The Top 25 VA contracts market share of total industry year-to-date new sales is presently at 53.6%, up substantially from year-end 2002s market share of 43.3%. Thirteen issuers have contracts in this group, with 5 issuers having 2 or more contracts in the group. Ranked in order of the most contracts held in the Top 25 are Hartford Life (5), Equitable Life (4), MetLife (4), ING (2), and Pacific Life (2). Fourteen (56%) of these Top 25 contracts have year-to-date new sales ratios of 100% or more.
As already noted, client interest in the insurance benefits of variable annuities continues to grow after the loss events of the past 3 years. The marketplace has responded with a plethora of living and death benefits. In the third quarter, 20 of the Top 25 nongroup contracts offer one or more living benefit options. This group differs slightly from the overall Top 25 VA contracts in that it excludes 3 group contracts; VALIC, TIAA-CREF, and INGs Account C. The 3 additions include Nationwides The BEST OF AMERICA- Americas Future Annuity, Prudential/American Skandias Strategic Partners, and USAllianz Alterity.
In this group 14 have a Guaranteed Minimum Income Benefit (GMIB), 9 have a Guaranteed Minimum Withdrawal Benefit (GMWB), 3 have a Guaranteed Minimum Accumulation Benefit (GMAB) and 11 have a bonus feature. Share class division of this group includes 18 B-shares and 7 L-shares. 2003 trends for this group include the growth of the GMWB, with 3 contracts adding the feature. Hartfords sales success with the feature has proven its market value. Nine contracts have effected changes to their death benefit charges and/or structures, while one contract added a GMIB and one removed its GMIB.
Overall equity-based investment asset allocations for this group have increased from an average of 46.6% one year ago to 52.3% as of 9/30/03. Seventeen of these contracts (68%) have overall equity- based investment asset allocations exceeding 50%. Of the 8 contracts with less than 50% equity allocations, 4 are L-shares (out of 7 in this group) with 2 holding over 33% of their assets in the general interest accounts. Inasmuch as L-share contracts feature reduced contingent deferred sales charges, they should be monitored for cause-and-effect relationships between the shortened CDSC period and asset allocation dispositions. Fixed income funds account for 14.9% of this groups assets, while the general interest accounts hold 20.2%. The average number of overall investment/subaccount options is currently at 46. The American Express Retirement Advisor Advantage contract offers the most investment options with 69, while the least number (19) is offered by the MetLife Investors Variable Annuity Class L contract.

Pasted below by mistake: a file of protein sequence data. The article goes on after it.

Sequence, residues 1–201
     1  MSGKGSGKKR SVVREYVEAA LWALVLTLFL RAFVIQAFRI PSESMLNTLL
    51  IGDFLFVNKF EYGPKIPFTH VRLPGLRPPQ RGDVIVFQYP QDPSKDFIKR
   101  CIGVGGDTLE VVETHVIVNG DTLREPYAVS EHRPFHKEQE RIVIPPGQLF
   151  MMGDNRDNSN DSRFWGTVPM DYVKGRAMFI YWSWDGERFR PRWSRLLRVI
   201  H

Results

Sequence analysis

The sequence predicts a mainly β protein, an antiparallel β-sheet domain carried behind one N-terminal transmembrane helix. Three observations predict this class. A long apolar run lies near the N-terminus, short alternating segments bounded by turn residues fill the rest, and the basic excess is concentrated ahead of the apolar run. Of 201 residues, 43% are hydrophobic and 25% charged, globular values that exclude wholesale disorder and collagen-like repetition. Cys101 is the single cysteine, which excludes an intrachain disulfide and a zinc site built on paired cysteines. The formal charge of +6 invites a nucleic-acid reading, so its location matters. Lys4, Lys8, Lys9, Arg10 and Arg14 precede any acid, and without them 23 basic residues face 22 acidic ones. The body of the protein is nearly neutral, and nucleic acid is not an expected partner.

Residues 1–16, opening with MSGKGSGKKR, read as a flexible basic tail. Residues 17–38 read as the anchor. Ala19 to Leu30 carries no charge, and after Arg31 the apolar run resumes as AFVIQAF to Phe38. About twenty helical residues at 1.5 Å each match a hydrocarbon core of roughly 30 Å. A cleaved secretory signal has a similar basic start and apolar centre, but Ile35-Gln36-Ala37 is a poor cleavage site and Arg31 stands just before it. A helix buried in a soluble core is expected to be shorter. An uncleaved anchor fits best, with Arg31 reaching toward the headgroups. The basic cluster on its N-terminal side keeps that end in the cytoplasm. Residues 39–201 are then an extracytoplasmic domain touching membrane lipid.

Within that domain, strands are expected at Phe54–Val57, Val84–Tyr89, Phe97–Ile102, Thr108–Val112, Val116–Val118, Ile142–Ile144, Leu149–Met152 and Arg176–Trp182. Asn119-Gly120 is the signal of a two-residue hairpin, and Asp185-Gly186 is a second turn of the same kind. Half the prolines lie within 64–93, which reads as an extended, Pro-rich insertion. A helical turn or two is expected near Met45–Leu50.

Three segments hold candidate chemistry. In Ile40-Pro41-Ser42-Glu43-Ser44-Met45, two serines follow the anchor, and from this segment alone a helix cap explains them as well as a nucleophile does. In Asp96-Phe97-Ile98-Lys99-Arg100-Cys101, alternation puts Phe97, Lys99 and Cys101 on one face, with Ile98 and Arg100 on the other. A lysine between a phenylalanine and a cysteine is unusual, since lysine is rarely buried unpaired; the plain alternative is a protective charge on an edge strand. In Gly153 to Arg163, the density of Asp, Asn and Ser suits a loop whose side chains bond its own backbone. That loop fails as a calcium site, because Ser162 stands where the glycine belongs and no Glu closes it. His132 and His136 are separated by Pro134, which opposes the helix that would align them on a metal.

Assets by investment objective for the entire VA industry confirm the rise in equity investment assets noted above for the Top 25 nongroup contracts. Growth funds are up by 1.65%, as are growth and income funds (+.54%) and all other equity funds (+.39%). Balanced/asset allocation funds are up by .24%, while corporate bond high quality funds are down–.35%, as are all other general fixed income funds (-1.38%). Money market funds are down by -1.27%, as are all fixed/general interest accounts (-1.37%).
Sales by distribution channel remained much the same from the mid-year period. Both the captive agency channel and the regional investment firms lost a percentage share point ending the 9/30/03 period at 33% and 12%, respectively. The New York wire houses and independent firms each gained 1%, ending the third quarter period at 13% and 27%, respectively.
Last quarters 3-point market share increase for the bank channel reflected substantially improving VA sales for the channel in the first 6 months of 2003. No change this quarter suggests that VA bank sales have lost the momentum gained at the expense of declining fixed annuity sales in the first half of the year.